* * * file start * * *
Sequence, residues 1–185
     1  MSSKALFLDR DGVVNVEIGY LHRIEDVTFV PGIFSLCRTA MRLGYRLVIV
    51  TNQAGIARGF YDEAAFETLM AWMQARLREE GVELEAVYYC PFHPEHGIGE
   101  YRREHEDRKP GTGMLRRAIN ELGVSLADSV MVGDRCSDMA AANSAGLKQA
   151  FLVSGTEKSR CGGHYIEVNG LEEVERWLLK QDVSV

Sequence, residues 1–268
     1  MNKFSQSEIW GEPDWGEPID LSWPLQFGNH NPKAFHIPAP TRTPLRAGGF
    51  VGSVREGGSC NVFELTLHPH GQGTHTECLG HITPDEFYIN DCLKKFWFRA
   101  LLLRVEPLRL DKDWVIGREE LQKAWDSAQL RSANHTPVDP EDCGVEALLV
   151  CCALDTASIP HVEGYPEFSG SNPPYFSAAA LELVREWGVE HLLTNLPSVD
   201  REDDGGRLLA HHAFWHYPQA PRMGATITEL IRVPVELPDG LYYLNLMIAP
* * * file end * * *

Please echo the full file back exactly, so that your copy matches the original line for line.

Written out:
Sequence, residues 1–185
     1  MSSKALFLDR DGVVNVEIGY LHRIEDVTFV PGIFSLCRTA MRLGYRLVIV
    51  TNQAGIARGF YDEAAFETLM AWMQARLREE GVELEAVYYC PFHPEHGIGE
   101  YRREHEDRKP GTGMLRRAIN ELGVSLADSV MVGDRCSDMA AANSAGLKQA
   151  FLVSGTEKSR CGGHYIEVNG LEEVERWLLK QDVSV

Sequence, residues 1–268
     1  MNKFSQSEIW GEPDWGEPID LSWPLQFGNH NPKAFHIPAP TRTPLRAGGF
    51  VGSVREGGSC NVFELTLHPH GQGTHTECLG HITPDEFYIN DCLKKFWFRA
   101  LLLRVEPLRL DKDWVIGREE LQKAWDSAQL RSANHTPVDP EDCGVEALLV
   151  CCALDTASIP HVEGYPEFSG SNPPYFSAAA LELVREWGVE HLLTNLPSVD
   201  REDDGGRLLA HHAFWHYPQA PRMGATITEL IRVPVELPDG LYYLNLMIAP